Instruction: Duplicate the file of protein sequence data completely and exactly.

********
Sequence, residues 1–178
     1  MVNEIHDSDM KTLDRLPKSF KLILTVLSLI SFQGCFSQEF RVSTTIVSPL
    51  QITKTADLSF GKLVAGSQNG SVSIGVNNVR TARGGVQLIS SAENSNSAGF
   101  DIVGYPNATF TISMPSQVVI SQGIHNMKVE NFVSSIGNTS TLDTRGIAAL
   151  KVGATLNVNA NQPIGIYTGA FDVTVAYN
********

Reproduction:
Sequence, residues 1–178
     1  MVNEIHDSDM KTLDRLPKSF KLILTVLSLI SFQGCFSQEF RVSTTIVSPL
    51  QITKTADLSF GKLVAGSQNG SVSIGVNNVR TARGGVQLIS SAENSNSAGF
   101  DIVGYPNATF TISMPSQVVI SQGIHNMKVE NFVSSIGNTS TLDTRGIAAL
   151  KVGATLNVNA NQPIGIYTGA FDVTVAYN